« ПредишнаНапред »
Better to hide from the Indian scouts the graves of our people,
65 Lest they should count them and see how many
already have perished !” Sadly his face he averted, and strode up and down,
and was thoughtful.
Fixed to the opposite wall was a shelf of books,
and among them Prominent three, distinguished alike for bulk and for
binding; Bariffe's Artillery Guide, and the Commentaries of Cæsar,
70 Out of the Latin translated by Arthur Goldinge of
London, And, as if guarded by these, between them was stand
ing the Bible. Musing a moment before them, Miles Standish paused,
as if doubtful Which of the three he should choose for his consola
tion and comfort, permitted, this place was sown with wheat to prevent the Indians from learning how weak the colony was growing by counting the graves.
70 Commentaries of Cæsar: what was the subject of these Commentaries?
31 Arthur Goldinge: the translator of many classical works.
Whether the wars of the Hebrews, the famous campaigns of the Romans,
75 Or the Artillery practice, designed for belligerent
Christians. Finally down from its shelf he dragged the ponderous
Roman, Seated himself at the window, and opened the book,
and in silence Turned o'er the well-worn leaves, where thumb-marks
thick on the margin, Like the trample of feet, proclaimed the battle was hottest.
80 Nothing was heard in the room but the hurrying pen
of the stripling, Busily writing epistles important, to go by the May
flower, Ready to sail on the morrow, or next day at latest,
God willing! Homeward bound with the tidings of all that terrible
75 In what period of their history occurred “the wars of the Hebrews"?
79, 80 Explain the meaning of these lines.
83 The Mayflower sailed on her return voyage April 15, 1621. How old was the colony then ?
84 Terrible winter: terrible from the bereavements and priva
2. Letters written by Alden, and full of the name of Priscilla,
85 Full of the name and the fame of the Puritan maiden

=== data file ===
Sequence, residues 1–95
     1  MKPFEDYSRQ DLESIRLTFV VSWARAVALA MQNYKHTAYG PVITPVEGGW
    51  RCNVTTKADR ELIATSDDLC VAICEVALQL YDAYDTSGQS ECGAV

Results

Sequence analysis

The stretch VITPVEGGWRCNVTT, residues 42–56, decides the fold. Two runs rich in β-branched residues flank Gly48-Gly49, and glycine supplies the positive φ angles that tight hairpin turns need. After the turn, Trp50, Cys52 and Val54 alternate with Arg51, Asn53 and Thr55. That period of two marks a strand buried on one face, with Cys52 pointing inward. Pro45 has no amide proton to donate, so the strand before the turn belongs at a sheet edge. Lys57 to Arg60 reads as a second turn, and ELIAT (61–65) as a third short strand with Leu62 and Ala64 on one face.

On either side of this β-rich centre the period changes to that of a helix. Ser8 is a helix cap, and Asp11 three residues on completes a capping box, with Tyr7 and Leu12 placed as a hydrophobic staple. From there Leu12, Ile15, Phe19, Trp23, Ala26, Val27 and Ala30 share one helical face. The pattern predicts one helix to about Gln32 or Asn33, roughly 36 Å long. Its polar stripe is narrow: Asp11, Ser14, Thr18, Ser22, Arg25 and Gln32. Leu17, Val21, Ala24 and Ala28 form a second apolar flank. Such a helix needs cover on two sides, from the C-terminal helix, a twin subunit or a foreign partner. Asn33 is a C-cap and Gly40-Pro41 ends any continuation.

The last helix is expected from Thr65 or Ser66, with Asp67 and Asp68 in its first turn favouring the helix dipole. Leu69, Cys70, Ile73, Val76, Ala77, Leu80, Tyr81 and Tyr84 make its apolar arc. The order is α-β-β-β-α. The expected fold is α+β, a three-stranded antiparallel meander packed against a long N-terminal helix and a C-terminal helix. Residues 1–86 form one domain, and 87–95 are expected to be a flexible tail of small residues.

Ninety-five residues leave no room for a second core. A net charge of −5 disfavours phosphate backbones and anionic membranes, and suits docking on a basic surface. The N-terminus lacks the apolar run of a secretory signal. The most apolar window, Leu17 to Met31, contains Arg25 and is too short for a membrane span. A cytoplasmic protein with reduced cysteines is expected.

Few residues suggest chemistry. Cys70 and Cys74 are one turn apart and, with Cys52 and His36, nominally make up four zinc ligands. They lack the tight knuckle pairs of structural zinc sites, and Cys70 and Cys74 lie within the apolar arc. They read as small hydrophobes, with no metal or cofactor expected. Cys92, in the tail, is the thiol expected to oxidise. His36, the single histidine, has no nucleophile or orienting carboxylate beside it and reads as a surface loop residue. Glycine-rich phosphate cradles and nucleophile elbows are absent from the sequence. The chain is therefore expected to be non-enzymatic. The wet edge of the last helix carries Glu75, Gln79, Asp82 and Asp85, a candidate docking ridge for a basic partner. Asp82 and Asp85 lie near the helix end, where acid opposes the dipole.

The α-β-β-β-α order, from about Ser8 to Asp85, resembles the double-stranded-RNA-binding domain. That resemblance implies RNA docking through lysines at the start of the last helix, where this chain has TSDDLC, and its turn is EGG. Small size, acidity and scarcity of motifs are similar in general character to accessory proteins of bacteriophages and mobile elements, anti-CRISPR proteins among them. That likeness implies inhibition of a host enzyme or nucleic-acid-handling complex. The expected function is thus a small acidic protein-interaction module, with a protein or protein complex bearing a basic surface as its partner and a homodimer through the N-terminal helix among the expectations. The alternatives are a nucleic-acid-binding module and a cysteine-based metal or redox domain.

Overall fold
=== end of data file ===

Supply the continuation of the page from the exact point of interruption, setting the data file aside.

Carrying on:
LOVE AND FRIENDSHIP
Nothing was heard in the room but the hurrying
pen of the stripling, Or an occasional sigh from the laboring heart of the
Captain, Reading the marvellous words and achievements of
Julius Cæsar. After a while he exclaimed, as he smote with his
hand, palm downwards, Heavily on the page :
" A wonderful man was this Cæsar! You are a writer, and I am a fighter, but here is a
tions they suffered in trying to make a home in an unsettled country. But the season itself was a mild one for New England.
85 Priscilla: see the sketch of the poem in the preface. 89 Bring into class a sketch of Julius Cæsar.
Who could both write and fight, and in both was
equally skilful !” Straightway answered and spake John Alden, the
comely, the youthful : “ Yes, he was equally skilled, as you say, with his pen and his weapons.
95 Somewhere have I read, but where I forget, he could
dictate Seven letters at once, at the same time writing his
memoirs." “Truly," continued the Captain, not heeding or hear
ing the other, “ Truly a wonderful man was Caius Julius Cæsar! Better be first, he said, in a little Iberian village, Than be second in Rome, and I think he was right
when he said it. Twice was he married before he was twenty, and
many times after ; Battles five hundred he fought, and a thousand cities
he conquered ;
100 It is told of Cæsar that as he was once marching through a wretched little village of barbarians and there arose some mocking comment among his companions about there being no canvassing for office there, he remarked that for his part he would rather be first there than second even in Rome. Standish evidently agrees with him. What do you think of the sentiment?
He, too, fought in Flanders, as he himself has recorded;
giving way too, And the immortal Twelfth Legion was crowded so
closely together There was no room for their swords ? / Why, he seized
a shield from a soldier, Put himself straight at the head of his troops, and
commanded the captains, Calling on each by his name, to order forward the
104 Can you give the name of a famous man connected with the Virginia colony who also fought in Flanders?
Flanders: a county of the Low Countries or the Netherlands (now Holland and Belgium) where war was waged with Spain. The seven counties which continued the war until they gained their independence made up the modern Holland.
106 Flanders: in the time of Cæsar, Flanders and the rest of what is now Belgium were not divided from France, and the Romans called the whole country Gaul. This part of it was occupied by the Belgi whom Cæsar considers “the bravest of all the Gauls.”
108 Legion: a division of the Roman army consisting of about five thousand inen. The Twelfth Legion was Cæsar's favorite.
111 What would be the effect of this order when executed ?